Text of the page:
This year, organizations of all types affirmed their commitment to develop solutions designed to eliminate disparities in public education through policy and systems change and direct response to student needs. Among the Equitable Education grantees in the 2019 Annual Funding Opportunity, a few key themes emerged.

Oregon school districts are developing targeted strategies to advance education equity. Tigard-Tualatin School District, for example, will create a wraparound reengagement program for priority students experiencing school disconnection while Southern Oregon Education Service District will address disparities in hiring and retaining staff of color through improvements in their human resource systems.

Other grantees will bring their experience to statewide systems and policy change. Stand for Children and the Confederation of Oregon School Administrators both recognize that for education equity to take hold in Oregon, our state’s leadership, priorities and policies must better reflect the needs and rich diversity of Oregonians.

Acknowledging the need to balance long-term system and policy impact with the urgency to address and improve achievement and college and career readiness for students, groups such as Together We Are Greater Than, College Dreams and Oregon Campus Compact will focus their efforts on key transitional moments to boost student readiness and/or achievement.

Additionally, organizations such as Black Parent Initiative, Adelante Mujeres and the Center for African Immigrants and Refugees of Oregon (CAIRO) are committed to expanding programs that strategically target priority populations while introducing innovative solutions to address persistent and deeply rooted barriers to student success.

Healthy Environment

The 43 Healthy Environment portfolio grants, totaling $4.8 million, support critical work in rural and urban communities across the state to shift how we work with each other and how we interact with the planet in ways that are grounded in values of justice, ecological sustainability and cooperation. These investments will strengthen front-line and community-based leadership to tackle some of the biggest challenges we face in Oregon: reducing greenhouse gases, shifting how we manage our precious water resources and redesigning land management practices to be adaptive to escalating wildfire risks, smoke and a changing climate, while also maximizing co-benefits for communities that experience disparities.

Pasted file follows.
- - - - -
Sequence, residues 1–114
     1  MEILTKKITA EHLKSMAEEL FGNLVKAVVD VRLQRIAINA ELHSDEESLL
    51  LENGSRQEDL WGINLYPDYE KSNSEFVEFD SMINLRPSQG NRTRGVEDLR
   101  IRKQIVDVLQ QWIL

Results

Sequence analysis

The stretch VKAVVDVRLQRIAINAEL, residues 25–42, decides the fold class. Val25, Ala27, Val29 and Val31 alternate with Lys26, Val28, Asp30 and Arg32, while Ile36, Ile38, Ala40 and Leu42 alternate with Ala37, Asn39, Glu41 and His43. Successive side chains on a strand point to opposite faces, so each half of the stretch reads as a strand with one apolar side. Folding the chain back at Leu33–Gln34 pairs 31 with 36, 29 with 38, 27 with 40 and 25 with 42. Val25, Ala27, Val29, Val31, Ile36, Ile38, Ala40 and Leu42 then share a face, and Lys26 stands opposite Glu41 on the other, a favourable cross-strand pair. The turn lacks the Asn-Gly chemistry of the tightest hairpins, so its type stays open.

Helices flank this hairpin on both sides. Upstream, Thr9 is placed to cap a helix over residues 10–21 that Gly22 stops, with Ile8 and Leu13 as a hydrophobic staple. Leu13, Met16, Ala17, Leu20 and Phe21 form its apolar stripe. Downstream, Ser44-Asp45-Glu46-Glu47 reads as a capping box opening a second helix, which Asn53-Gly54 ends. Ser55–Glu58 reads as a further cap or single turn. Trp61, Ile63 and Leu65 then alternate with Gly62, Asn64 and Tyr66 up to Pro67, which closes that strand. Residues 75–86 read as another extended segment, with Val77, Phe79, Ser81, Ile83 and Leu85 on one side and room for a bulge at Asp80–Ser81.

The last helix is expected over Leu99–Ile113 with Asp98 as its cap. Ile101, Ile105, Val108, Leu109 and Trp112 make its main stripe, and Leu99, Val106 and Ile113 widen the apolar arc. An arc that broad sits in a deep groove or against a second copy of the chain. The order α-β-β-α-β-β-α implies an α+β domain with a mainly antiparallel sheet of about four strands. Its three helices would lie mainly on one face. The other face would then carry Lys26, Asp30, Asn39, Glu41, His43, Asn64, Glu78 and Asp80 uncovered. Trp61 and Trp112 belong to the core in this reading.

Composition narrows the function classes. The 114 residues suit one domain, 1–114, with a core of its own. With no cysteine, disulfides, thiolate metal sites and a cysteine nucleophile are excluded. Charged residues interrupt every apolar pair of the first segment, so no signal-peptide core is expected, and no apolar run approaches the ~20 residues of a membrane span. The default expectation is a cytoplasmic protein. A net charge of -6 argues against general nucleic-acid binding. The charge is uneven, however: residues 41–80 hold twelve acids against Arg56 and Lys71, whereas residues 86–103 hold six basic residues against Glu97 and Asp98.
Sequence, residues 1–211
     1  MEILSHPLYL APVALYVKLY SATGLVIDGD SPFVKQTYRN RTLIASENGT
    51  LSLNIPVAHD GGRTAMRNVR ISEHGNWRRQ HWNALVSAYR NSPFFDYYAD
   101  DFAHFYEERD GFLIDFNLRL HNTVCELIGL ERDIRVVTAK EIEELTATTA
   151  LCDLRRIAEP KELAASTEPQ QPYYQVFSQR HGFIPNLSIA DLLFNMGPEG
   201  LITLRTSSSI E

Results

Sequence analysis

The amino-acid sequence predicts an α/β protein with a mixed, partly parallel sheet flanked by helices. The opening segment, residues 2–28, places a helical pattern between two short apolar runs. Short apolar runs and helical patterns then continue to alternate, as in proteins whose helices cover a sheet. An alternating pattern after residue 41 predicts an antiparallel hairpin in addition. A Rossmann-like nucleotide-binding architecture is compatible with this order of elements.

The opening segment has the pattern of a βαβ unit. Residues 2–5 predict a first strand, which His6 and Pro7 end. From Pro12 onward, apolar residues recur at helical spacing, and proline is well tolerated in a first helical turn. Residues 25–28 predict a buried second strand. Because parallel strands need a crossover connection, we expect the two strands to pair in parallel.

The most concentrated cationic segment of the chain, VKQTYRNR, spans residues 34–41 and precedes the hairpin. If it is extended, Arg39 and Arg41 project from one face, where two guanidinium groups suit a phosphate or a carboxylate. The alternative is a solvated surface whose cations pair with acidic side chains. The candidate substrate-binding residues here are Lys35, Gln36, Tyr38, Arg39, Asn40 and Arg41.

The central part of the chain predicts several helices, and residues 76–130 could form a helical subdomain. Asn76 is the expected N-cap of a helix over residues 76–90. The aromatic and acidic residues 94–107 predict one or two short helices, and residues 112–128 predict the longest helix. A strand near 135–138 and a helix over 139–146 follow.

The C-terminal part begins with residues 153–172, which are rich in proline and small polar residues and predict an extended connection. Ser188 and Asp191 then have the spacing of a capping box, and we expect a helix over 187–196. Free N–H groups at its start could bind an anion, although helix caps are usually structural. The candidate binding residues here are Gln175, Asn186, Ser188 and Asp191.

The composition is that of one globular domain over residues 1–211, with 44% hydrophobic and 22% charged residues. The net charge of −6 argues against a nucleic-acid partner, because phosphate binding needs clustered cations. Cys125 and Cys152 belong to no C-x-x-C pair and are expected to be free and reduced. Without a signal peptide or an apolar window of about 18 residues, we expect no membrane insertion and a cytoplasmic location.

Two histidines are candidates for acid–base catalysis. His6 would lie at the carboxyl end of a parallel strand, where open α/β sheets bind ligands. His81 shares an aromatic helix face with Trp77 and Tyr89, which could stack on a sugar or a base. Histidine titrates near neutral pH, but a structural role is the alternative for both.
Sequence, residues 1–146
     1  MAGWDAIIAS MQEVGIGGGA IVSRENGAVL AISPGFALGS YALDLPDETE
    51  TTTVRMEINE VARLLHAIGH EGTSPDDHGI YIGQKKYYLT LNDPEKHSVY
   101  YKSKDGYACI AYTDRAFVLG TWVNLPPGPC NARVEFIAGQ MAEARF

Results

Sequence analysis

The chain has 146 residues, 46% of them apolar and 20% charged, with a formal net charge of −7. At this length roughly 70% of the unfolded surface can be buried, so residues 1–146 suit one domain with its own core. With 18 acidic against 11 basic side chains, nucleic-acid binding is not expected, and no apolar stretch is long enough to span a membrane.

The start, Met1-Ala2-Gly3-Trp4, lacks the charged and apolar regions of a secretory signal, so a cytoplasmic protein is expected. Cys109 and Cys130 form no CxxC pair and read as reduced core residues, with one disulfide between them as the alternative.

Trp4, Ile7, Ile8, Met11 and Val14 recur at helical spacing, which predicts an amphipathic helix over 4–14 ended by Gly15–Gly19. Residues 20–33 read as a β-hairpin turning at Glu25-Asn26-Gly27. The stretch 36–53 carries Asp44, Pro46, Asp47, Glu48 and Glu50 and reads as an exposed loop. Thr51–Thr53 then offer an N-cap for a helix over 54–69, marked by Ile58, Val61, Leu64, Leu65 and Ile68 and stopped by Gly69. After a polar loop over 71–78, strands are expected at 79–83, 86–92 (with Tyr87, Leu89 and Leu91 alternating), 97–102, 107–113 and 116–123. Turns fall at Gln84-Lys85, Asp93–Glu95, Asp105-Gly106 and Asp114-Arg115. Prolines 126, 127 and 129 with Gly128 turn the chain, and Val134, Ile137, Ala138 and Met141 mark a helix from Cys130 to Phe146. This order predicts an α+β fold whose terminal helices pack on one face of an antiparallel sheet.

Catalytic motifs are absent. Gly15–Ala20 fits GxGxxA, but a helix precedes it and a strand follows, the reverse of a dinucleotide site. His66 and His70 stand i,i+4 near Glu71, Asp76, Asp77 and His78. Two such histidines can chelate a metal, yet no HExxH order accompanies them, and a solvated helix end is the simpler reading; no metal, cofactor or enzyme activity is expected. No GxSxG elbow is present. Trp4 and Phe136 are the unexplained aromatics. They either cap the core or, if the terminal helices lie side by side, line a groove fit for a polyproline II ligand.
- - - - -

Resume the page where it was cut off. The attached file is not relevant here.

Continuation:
Affiliated Tribes of the Northwest Indians will lead work with all nine Oregon Tribes to develop tribal renewable energy, energy efficiency, and greenhouse gas policies and investment projects. A collaborative, led by Willamette Partnership, will increase capacity of rural communities of color to advocate for water justice priorities and influence state-level water management discussions that are underway. The Klamath Tribes will sustain their efforts to protect the endangered c'waam and koptu fish by advocating for better management of the Upper Klamath Lake ecosystem.

These are just a few examples of the work we are supporting that will contribute to environmental justice, healthy natural systems, an inclusive environmental movement and community well-being across this remarkable place we call home.

Housing Opportunities

The Housing Opportunities team was able to award 27 proposals, totalling $4.7 million in grants over three years. Meyer is supporting work to build and preserve housing that will be more affordable, give families room to manage their budgets and minimize instances of needing to choose between paying rent or a mortgage and paying for food, medication or school supplies. The investments will also bolster community-based work, grounded in values of equity and inclusion, to bring housing stability to people experiencing multiple forms of systemic oppression. Our partners work to foster stronger, more equitable and effective affordable housing systems using a variety of tools: community organizing and advocacy, applied research, and alignment of housing with health and other systems of care.

A few examples of the work funded in this batch of proposals: Cow Creek Band of Umpqua Tribe of Indians is making progress to build 33 affordable homes for Tribal families in Douglas County. Unite Oregon, in collaboration with the Community Alliance of Tenants, is forming the SW Equity Coalition to implement equitable development actions that empower, stabilize and build capacity among communities in the Southwest corridor of Portland. And Clackamas Women’s Services will work with partners to provide housing support and wraparound services for domestic violence survivors of color, immigrants/refugees, and human trafficking survivors in Clackamas County. We are humbled by the challenges that our nonprofit partners regularly tackle in their efforts to increase housing justice in Oregon.

Building Community

As announced in March, the Building Community portfolio followed a modified approach this year, administering the AFO by invitation to a group of existing grantees that have made significant progress toward meeting BC’s anchor criteria: demonstrated commitment to DEI, engagement in systems change work and raising up constituent voice. In total, 32 organizations received funding totaling $2.27 million.